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Bronx woman wants to 'bring books to the people' with mobile store

Forget "if you build it, they will come." Bronx Bound Books is all about bringing the bookstore to you.

Latanya DeVaughn of Bronx Bound Books receives custom-designed

Latanya DeVaughn of Bronx Bound Books receives custom-designed Vans sneakers from Matthew Malave, 18, at Millennium Art Academy in the Bronx on Tuesday. Photo Credit: Marisol Diaz-Gordon

Bronx resident Latanya DeVaughn is shunning the brick-and-mortar model and taking her bookstore to the people.

As the second general interest bookseller in the borough — The Lit. Bar by Noëlle Santos recently opened in Mott Haven — Bronx Bound Books doesn't believe in the "If you build it, they will come" theory. Instead, DeVaughn will roam neighborhoods like the South Bronx, Co-op City, Throgs Neck and Riverdale and set up shop in parks and residential areas.

Once DeVaughn purchases either a truck or old school bus, she plans to peddle new and used books by local authors at least three days of the week. She'll also offer literacy lessons and read from specially curated lists by local teachers and authors.

DeVaughn, who has a background in accounting, has already been bringing these kinds of services to schools in the borough, she said, and has wanted to do a mobile bookstore for about two decades.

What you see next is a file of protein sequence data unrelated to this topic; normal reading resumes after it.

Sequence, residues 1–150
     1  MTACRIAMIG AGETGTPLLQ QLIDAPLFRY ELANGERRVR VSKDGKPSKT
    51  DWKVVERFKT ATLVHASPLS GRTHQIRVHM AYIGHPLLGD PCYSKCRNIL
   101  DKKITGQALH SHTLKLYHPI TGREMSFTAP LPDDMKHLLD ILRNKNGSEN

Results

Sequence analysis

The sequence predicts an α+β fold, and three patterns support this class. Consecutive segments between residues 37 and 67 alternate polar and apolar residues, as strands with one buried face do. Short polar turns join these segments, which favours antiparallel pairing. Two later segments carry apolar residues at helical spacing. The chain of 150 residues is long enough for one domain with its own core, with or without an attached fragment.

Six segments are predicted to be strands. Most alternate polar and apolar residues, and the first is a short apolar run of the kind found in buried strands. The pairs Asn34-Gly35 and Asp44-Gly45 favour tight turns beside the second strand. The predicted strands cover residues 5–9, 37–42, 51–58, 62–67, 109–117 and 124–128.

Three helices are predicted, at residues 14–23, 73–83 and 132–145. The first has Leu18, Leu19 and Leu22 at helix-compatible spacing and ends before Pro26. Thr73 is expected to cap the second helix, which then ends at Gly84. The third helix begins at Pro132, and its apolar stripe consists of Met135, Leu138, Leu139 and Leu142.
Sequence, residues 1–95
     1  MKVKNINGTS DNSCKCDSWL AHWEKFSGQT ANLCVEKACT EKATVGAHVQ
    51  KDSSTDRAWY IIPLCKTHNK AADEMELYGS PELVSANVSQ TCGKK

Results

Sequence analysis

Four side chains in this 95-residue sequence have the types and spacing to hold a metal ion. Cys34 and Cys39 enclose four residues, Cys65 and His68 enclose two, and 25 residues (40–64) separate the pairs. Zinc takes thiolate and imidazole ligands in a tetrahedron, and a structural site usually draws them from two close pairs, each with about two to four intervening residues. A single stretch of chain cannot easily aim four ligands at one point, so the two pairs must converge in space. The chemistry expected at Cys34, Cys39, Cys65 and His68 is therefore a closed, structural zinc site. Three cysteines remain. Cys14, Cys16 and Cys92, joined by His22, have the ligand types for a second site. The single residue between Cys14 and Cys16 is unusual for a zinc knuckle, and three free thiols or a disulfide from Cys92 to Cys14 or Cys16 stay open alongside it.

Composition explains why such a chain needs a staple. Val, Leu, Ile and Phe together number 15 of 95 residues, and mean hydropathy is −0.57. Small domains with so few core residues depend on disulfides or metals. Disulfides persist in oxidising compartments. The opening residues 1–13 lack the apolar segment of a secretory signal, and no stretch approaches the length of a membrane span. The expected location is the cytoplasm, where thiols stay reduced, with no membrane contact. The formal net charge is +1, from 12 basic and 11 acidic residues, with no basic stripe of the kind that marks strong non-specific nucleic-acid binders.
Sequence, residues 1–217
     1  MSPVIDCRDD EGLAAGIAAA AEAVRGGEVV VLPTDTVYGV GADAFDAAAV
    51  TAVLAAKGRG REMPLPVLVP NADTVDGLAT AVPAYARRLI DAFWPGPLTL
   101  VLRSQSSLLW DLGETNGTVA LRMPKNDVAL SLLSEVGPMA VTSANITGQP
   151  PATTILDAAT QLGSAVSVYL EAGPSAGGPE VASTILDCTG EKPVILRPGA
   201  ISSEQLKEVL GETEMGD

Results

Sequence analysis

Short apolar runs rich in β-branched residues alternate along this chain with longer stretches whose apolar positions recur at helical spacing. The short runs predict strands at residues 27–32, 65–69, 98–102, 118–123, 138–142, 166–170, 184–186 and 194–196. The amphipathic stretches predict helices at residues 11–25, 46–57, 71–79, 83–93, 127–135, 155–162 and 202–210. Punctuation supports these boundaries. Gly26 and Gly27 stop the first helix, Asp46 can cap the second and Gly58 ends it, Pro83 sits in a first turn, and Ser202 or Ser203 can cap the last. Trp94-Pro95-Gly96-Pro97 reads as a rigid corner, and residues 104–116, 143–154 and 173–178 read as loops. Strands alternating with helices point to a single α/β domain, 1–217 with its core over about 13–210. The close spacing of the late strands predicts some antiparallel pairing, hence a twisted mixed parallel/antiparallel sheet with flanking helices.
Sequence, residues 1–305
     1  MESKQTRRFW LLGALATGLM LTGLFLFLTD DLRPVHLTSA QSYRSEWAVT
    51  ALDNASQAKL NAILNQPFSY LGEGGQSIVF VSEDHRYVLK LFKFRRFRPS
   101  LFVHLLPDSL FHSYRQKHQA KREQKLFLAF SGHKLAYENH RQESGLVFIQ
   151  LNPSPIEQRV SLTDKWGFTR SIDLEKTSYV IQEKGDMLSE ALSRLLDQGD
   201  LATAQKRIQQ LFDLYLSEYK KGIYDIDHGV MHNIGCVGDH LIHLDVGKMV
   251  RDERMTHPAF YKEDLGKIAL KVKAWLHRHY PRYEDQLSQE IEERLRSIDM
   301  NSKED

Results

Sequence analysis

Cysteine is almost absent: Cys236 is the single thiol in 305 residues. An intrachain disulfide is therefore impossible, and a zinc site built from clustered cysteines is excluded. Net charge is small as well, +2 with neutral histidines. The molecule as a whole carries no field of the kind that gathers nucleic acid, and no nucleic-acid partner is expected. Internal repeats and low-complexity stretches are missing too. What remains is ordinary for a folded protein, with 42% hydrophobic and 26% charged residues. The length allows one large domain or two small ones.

"Rent in the Bronx is getting out of reach, and the further out of reach it went the further away my dream went," she told amNewYork. "This is a gift in disguise because being in the community, I've seen what the community wants to read. Being accessible is better than relying on brick-and-mortar and people getting to me, and there are enough obstacles getting to local libraries."

She said for most people in the Bronx, the lack of speedy transportation is a huge deterrent.

"I want to bring books to the people, even if just for one day."

So far, the community has expressed support for DeVaughn's idea.

Bronx resident and teacher Peggy Robles said that it makes economic sense "as opposed to paying rent or a developer who comes in and says 'let me help you.'" "They like your idea but they might not like the people you serve. This is being done in a way that we don't become a target. Its mobility will make it possible not to get caught up and have to sell books to pay rent."

The service is "extremely necessary" for the borough because a love of reading isn't widespread and many public schools aren't getting the resources they need in their libraries, she said.

DeVaughn will launch a campaign to raise $65,000 to $85,000 to get Bronx Bound Books on the streets. How to donate will be announced at a later date.

"I see a void and I just want to fill it," she said. "I want to try and make it a different place for us."

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